>>the UP was still finding unexploded 500 pound bombs [in Roseville]
>>when they rebuilt the yard in the 1990s.
>>
>>
>
>Gee, were there any "incidents?"
>
>SGL
>
>


Yahoo! Groups Sponsor
ADVERTISEMENT





--------------------------------------------------------------
----------------
Yahoo! Groups Links

a.. To visit your group on the web, go to:
http://groups.yahoo.com/group/STMFC/

b.. To unsubscribe from this group, send an email to:
STMFC-unsubscribe@...

c.. Your use of Yahoo! Groups is subject to the Yahoo!
Terms of Service.







------------------------ Yahoo! Groups Sponsor
--------------------~--> Meet the McDonald?s. Lincoln Fry
get free digital souvenirs, Web-only video and bid on the
Lincoln Fry prop charity auction.
http://us.click.yahoo.com/2YkgMD/fV0JAA/Y3ZIAA/9MtolB/TM
--------------------------------------------------------------
------~->


Yahoo! Groups Links







Jim Gillmore <TwoRail@...>
 

--- In STMFC@..., Denny Anspach <danspach@m...> wrote:

Currently, as I understand it, the Station is largely moth-balled,
and the port Depot is now an Army facility. I presume that the
hundreds of time-warp boxcars are probably still there, although I
do
not know for certain.

Denny

--
Denny S. Anspach, MD
Sacramento

Most of the boxcars are stored in good condition adjacent to Willow
Pass Road in Concord and visible from the road. Take the Concord Exit
from Highway 4. HOWEVER, it is a busy two lane road and the Highway
Patrol and the Concord Police take a dim view of anyone stopping to
take photos -- highway safety and military security are both issues
that they get concerned about. The box cars are weathered all silver
with DOD reporting marks, and appear to be "standard" 1937 era box
cars with no special equipment. The station was built in 1942 and the
rail equipment probably originated at that time. Most cars now have
their doors open. For awhile after the station was mothballed, the
cars were stored with the doors closed, but about 2 years ago, they
were all opend up. I suppose this is for better security - someone
can't camp inside without being seen. Or perhaps it is for better air
circulation to prevent moisture from being trapped inside and causing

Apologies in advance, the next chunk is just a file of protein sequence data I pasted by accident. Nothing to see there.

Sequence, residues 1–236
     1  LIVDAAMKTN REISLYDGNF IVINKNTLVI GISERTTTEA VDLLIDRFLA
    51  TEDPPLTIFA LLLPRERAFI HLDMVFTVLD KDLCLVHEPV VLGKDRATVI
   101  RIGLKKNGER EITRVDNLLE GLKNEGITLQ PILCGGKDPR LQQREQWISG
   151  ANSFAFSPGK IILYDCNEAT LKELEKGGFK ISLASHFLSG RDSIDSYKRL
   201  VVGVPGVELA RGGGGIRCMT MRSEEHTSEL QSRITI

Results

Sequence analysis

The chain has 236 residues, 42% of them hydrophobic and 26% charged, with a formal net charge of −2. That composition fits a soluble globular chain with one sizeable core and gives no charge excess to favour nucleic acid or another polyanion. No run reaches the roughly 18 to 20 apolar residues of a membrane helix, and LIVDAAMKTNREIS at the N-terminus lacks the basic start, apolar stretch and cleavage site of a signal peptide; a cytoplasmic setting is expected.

mildew (it's a moist, foggy area).

I believe there were 8 or 9 locomotives on the station just before it
closed. The ones that I have seen were Baldwins, painted yellow, some
re-engined with EMD prime movers.

Jim Gillmore, Concord CA


Richard Hendrickson
 

Denny,

Thank you for the fascinating account. I've found the
aerial of the place from 1993. See:

http://terraserver.homeadvisor.msn.com/image.aspx?T=1&S=11&Z=10&X=1463&Y=10530&
W=3&qs=%7cconcord%7cca%7c
Mike Aufderheide
Chicago
Mike, that sure looks familiar. I often fly from the north into the
Concord airport, which is just west of the ammo depot, and on right
downwind for runway 32 right the entire ammo depot is clearly visible out
the left side window. In fact, the instrument approach to runway 19 right
goes right over the ammo depot, though that's not an approach I often use
since my Citabria is strictly a VFR airplane.

Richard H. Hendrickson
Ashland, Oregon 97520


Garth Groff <ggg9y@...>
 

Denny,

Very interesting account. You used to be able to see some of this installation from the highway, but there was no way to stop and take photos. I drove past about three years ago, and saw a lot of interesting equipment from a distance.

The railroad was originally the Bay Point & Clayton Railroad, a shortline built to serve a large cement plant owned by the Henry Cowell interests at Cowell (the smokestack is all that remains, now surrounded by a small park and acres of suburban houses). The line never reached Clayton. The BP&C connected with the SP and ATSF at Bay Point; and with the Oakland, Antioch & Eastern (later the Sacramento Northern) at Clyde. It used two off-the-shelf Baldwin 0-6-0s, one lettered for the railroad and the other for the cement company (about 1939 they swapped assignments). A short 42" narrow gauge line reached the quarries on Lime Ridge. In 1945 or so the line was sold to the Navy and grew into the operation you saw. The final two miles beyond the base were operated a few months by the Navy as the cement plant wound down, then removed around 1947. Also of interest was an extension from Bay Point out to a large shipyard during WWI. This line involved a high-level crossing of the ATSF and SP mainlines. The war ended before this line went into full operation. The track was pulled up before the BP&C became military property, but piers to the fly-over are still there.